News / Africa

Rape Plagues Ivory Coast Long After Conflict's End

Street vendors sell loaves of bread and other wares on a street in Bouake, Ivory Coast, December 2010.Street vendors sell loaves of bread and other wares on a street in Bouake, Ivory Coast, December 2010.
Street vendors sell loaves of bread and other wares on a street in Bouake, Ivory Coast, December 2010.
Street vendors sell loaves of bread and other wares on a street in Bouake, Ivory Coast, December 2010.
Two years since Ivory Coast’s post-election violence came to an end, rape remains a problem throughout the country. Though such attacks are now occurring outside the context of armed conflict, they show that the security situation for the country’s women remains bleak.

On a recent Saturday morning, Durand Coffi delivered instructions to a moving crew as they cleared furniture out of his ground-floor apartment in Bouake - the second-largest city in Ivory Coast. Though he moved in with his family less than a year ago, earlier this month Coffi decided to leave in search of something more secure.

One night in late April, five armed men broke into the apartment through an unused side door. For the next 90 minutes, they went from room to room threatening the family with pistols while pocketing money and jewelry.

But the worst crimes were committed against two women who live with the family as house help: one was raped by two men in her bed, while the other was raped in the shower where she had been trying to hide.  

Coffi didn’t recognize the assailants. He said he was convinced, though, they had been staking out the house for some time before the attack.

“It’s certainly someone who knew me and knew this house. I don’t know them. But they’ve clearly watched me come and go,” he said.

Persistent sexual violence

Sexual violence was a fixture of Ivory Coast’s political crisis, which saw the country divided in half following a coup attempt against then-President Laurent Gbagbo in 2002. Though rebel forces were unable to topple Gbagbo that year, they successfully assumed control over the north of the country, making Bouake their capital.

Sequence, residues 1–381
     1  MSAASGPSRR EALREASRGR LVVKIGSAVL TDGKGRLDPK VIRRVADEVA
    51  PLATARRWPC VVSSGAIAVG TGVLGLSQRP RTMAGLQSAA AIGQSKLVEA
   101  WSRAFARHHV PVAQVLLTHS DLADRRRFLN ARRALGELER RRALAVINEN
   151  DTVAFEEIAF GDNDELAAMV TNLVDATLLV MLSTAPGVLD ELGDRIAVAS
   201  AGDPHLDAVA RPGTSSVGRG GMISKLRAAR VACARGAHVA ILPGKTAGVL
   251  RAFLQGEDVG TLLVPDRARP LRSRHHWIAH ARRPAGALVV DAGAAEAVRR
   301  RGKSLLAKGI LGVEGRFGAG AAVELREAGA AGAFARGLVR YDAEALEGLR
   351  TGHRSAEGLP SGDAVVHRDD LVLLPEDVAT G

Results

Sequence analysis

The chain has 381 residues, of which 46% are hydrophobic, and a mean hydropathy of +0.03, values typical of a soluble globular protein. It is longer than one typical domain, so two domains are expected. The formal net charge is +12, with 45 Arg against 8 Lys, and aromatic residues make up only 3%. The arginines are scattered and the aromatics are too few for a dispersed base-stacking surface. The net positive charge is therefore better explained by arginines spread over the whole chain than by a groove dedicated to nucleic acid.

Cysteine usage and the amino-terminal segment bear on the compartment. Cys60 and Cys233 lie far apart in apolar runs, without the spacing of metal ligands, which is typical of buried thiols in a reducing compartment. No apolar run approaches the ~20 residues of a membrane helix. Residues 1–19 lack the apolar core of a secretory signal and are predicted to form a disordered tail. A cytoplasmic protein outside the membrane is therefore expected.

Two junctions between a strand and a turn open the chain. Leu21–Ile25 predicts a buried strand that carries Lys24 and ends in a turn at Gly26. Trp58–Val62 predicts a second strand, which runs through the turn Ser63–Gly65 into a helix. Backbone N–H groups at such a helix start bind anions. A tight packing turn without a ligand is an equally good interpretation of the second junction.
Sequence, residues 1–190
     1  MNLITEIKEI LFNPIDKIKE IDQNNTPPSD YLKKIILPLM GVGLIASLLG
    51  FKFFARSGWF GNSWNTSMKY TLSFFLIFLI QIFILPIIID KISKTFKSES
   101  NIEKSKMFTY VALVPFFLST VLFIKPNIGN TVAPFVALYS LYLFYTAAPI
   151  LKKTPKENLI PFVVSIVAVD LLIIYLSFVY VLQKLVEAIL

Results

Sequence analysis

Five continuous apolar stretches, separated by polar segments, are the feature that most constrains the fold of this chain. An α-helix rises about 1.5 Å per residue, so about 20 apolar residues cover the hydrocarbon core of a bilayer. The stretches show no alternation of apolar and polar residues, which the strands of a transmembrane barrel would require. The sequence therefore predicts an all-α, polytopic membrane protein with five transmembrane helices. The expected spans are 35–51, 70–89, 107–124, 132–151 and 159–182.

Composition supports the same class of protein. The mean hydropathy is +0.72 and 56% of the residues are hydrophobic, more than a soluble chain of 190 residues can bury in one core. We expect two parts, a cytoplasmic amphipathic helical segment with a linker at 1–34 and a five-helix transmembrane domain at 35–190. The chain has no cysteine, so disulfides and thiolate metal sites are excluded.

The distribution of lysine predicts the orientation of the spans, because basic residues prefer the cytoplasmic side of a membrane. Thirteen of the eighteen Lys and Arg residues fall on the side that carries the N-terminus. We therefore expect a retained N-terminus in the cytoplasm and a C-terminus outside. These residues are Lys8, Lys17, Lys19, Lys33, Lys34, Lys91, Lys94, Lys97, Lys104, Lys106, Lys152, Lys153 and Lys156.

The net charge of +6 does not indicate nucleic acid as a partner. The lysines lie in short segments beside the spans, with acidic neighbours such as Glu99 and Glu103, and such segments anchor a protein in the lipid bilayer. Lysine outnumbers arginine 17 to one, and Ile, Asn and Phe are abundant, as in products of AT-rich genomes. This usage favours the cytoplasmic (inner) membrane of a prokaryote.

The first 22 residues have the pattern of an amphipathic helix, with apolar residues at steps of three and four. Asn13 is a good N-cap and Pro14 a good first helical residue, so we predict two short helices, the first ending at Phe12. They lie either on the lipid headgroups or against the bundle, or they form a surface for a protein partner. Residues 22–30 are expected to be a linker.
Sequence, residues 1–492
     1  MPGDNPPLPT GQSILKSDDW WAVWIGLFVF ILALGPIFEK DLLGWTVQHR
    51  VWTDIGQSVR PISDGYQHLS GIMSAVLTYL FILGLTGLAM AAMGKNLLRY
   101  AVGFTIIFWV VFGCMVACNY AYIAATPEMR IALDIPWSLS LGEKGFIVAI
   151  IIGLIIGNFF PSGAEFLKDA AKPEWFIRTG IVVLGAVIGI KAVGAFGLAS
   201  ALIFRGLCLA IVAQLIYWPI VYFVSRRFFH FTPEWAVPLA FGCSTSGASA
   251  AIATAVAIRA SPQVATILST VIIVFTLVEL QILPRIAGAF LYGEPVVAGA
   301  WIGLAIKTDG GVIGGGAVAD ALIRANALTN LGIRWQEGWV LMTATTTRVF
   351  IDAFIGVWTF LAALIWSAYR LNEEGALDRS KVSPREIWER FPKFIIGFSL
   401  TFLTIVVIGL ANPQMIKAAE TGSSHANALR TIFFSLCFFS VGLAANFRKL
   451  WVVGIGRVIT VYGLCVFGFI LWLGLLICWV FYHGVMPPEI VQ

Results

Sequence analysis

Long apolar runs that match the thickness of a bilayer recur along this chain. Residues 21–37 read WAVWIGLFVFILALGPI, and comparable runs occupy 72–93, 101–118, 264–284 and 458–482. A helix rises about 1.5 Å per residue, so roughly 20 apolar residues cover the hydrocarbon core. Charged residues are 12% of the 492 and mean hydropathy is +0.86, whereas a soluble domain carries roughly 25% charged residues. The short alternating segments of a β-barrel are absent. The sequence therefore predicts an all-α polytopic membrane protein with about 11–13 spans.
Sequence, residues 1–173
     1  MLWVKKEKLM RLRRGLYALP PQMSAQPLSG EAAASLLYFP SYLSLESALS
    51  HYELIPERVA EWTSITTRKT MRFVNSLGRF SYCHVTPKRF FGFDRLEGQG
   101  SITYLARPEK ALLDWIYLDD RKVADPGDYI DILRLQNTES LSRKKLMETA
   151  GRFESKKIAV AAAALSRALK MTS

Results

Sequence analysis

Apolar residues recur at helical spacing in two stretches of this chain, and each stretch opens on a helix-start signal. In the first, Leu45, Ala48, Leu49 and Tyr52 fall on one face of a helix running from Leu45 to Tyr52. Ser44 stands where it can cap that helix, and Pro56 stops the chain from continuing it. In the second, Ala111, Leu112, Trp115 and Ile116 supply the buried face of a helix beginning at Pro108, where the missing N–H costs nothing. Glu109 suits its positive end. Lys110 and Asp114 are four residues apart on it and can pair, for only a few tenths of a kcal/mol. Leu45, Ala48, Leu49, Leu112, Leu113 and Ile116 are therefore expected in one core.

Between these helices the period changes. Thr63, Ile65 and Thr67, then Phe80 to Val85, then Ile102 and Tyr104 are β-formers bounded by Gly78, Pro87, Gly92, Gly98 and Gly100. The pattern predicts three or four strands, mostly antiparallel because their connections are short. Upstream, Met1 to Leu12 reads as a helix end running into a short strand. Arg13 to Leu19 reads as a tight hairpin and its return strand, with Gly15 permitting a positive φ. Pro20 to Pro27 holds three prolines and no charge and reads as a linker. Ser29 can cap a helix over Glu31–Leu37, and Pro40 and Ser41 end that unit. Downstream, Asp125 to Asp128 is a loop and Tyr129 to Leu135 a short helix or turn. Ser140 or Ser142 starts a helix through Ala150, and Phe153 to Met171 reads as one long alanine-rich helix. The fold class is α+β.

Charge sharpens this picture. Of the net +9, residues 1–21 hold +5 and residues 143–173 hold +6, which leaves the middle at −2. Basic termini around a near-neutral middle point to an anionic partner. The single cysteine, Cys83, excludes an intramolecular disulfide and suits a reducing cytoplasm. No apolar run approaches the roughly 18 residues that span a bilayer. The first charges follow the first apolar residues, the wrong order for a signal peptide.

In a 2007 report, Human Rights Watch documented cases of brutal sexual violence committed by both government and rebel fighters throughout the divided country, including gang rape, sexual slavery and forced incest.

The crisis escalated after Gbagbo refused to accept defeat to current President Alassane Ouattara in the 2010 presidential election - sparking a five-month power struggle that killed thousands. At least 150 rapes also occurred during the conflict, according to Human Rights Watch.

Today Ivory Coast is generally stable, but that doesn’t mean rape has gone away. Rather than occurring in the context of armed conflict, observers say it has instead become a common feature of crimes like armed robbery or is committed as a standalone crime.

As is often the case with rape, comprehensive data is hard to come by. The human rights division of Ivory Coast’s United Nations peacekeeping mission verified and documented 59 cases in the first three months of 2013, but that is believed to be only a fraction of total cases.

Ureported problem

Mohamed Eissa, the chief of the human rights section for the United Nations peacekeeping mission in Bouake, said stigma surrounding sexual violence means rape often goes unreported. His office even has encountered women who, after first reporting their cases to police, have tried to withdraw them as a result of community pressure.

“If you bring the case before the court you will get all kind of difficulty to live in your own community. There is this kind of stigma. You will be isolated. They will give you a very hard time,” said Eissa.